Has domestic violence stemmed from the mental abuse suffered by our ancestors that still feel that they need to either be control or control others? According to our history text, “The first impulse was to think of freedom as a contrast to slavery. Emancipation immediately released slaves from the most oppressive aspects of bondage—the whippings, the breakup of families, the sexual exploitation. Freedom also meant movement, the right to travel without a pass or white permission. Above all, freedom meant that African Americans’ labor would be for their own benefit. One Arkansas freedman, who earned his first dollar working on a railroad, recalled that
when he was paid, “I felt like the richest man in the world.”Freedom included finding a new place to work. Changing jobs was one concrete way to break the psychological ties of slavery. Even planters with reputations for kindness sometimes saw their former hands depart. The cook who left a South Carolina family even though they offered her higher wages than her new job explained, “I must go. If I stays here I’ll never know ...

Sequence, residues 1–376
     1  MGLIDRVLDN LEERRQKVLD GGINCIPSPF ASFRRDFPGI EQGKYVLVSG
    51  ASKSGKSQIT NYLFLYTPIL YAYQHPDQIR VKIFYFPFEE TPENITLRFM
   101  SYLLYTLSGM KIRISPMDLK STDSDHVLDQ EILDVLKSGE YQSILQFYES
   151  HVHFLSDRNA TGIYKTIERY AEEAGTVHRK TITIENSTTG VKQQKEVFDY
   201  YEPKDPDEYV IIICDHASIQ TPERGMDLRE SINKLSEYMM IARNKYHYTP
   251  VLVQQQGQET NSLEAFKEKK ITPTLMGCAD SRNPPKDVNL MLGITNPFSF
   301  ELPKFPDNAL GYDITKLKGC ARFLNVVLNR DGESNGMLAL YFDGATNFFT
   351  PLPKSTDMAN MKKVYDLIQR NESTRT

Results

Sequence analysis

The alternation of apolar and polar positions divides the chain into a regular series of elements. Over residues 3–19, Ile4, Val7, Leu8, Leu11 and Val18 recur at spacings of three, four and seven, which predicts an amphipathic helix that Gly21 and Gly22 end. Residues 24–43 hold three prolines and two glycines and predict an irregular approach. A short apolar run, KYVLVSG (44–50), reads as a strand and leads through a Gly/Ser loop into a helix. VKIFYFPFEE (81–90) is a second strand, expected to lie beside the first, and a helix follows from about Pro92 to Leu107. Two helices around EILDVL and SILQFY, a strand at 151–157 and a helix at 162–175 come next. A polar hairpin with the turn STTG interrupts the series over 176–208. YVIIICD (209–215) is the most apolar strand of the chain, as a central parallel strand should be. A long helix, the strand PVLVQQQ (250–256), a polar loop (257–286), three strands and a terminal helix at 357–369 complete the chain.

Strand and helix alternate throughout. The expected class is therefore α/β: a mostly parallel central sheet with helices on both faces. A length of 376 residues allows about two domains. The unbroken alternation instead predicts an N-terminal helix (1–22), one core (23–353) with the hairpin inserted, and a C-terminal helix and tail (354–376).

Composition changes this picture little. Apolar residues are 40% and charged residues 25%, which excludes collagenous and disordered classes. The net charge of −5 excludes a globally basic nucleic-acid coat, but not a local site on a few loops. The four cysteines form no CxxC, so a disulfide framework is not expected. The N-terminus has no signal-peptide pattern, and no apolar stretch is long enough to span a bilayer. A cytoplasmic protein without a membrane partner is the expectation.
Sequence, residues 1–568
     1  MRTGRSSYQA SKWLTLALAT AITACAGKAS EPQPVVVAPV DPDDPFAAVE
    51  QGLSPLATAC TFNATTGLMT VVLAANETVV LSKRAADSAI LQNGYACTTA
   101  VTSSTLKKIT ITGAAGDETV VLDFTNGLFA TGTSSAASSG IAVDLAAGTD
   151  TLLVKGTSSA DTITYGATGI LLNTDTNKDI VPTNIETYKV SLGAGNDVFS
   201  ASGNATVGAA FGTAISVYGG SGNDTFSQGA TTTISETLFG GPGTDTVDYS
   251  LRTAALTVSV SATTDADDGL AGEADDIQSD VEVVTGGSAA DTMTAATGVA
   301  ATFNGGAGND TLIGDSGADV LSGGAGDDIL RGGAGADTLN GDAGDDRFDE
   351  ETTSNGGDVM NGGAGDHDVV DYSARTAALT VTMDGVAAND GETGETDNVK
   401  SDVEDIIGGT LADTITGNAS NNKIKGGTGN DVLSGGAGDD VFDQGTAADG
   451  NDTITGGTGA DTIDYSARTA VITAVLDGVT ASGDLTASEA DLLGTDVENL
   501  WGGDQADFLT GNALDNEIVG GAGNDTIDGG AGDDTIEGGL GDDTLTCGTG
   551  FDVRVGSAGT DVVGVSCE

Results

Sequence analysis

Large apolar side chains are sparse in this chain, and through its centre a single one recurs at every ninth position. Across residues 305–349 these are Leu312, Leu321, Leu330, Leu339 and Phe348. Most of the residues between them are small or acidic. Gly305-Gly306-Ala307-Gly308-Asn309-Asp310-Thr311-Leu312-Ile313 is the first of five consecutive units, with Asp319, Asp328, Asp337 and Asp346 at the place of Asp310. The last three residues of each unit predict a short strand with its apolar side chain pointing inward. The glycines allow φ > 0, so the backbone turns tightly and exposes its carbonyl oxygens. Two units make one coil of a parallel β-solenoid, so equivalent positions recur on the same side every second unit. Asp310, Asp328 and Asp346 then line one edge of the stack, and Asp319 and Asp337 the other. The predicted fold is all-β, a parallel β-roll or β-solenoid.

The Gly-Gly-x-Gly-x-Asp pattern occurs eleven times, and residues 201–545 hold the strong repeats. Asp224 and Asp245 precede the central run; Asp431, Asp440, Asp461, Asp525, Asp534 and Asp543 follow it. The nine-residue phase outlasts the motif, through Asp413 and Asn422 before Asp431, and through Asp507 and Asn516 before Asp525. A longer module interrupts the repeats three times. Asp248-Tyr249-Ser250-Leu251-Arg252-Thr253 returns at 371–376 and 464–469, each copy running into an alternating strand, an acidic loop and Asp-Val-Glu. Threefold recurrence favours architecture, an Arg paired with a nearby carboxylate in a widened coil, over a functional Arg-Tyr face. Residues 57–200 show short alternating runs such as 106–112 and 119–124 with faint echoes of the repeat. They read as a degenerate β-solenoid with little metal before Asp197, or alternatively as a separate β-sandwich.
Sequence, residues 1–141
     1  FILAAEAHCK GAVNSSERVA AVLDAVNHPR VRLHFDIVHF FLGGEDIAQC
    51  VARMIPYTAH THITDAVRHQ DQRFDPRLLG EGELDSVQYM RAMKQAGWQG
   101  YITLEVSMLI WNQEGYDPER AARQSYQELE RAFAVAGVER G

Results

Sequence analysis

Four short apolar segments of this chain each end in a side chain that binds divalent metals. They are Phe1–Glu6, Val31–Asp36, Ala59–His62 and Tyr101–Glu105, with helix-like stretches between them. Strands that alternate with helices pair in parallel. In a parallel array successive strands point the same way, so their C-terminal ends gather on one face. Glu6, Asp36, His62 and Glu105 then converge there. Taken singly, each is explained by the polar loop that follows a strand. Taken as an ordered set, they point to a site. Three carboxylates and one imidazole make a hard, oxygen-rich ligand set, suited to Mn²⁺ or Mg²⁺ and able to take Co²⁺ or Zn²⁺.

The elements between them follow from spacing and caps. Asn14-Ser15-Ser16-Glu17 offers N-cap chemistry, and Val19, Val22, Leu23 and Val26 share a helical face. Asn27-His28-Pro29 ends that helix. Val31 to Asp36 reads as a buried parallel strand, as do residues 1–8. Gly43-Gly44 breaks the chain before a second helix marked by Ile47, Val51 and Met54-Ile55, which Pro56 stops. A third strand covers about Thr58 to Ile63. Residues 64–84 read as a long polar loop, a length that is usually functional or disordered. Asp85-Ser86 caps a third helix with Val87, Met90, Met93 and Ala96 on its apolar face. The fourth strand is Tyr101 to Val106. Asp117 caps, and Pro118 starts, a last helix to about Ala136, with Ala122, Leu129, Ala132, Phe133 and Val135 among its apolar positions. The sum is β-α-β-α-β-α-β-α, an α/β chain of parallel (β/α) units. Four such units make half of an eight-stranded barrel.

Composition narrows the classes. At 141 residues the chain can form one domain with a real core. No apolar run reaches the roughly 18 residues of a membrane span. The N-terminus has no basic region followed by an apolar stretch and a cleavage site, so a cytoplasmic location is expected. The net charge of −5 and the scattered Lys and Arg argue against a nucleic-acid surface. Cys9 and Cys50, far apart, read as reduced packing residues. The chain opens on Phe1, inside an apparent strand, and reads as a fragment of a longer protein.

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...ased play interventions for children (pp. 31-49). American Psychological Association. doi:10.1037/11086-003.
Rosenbaum, A., & Kunkel, T. (2009). Group interventions for intimate partner violence.
Psychological and physical aggression in couples: Causes and interventions (pp. 191-210). American Psychological Association. doi:10.1037/11880-009.
Straus, M. (2009). Gender symmetry in partner violence: evidence and implications for
prevention and treatment. Preventing partner violence: Research and evidence-based intervention strategies (pp. 245-271). American Psychological Association. doi:10.1037/11873-011.
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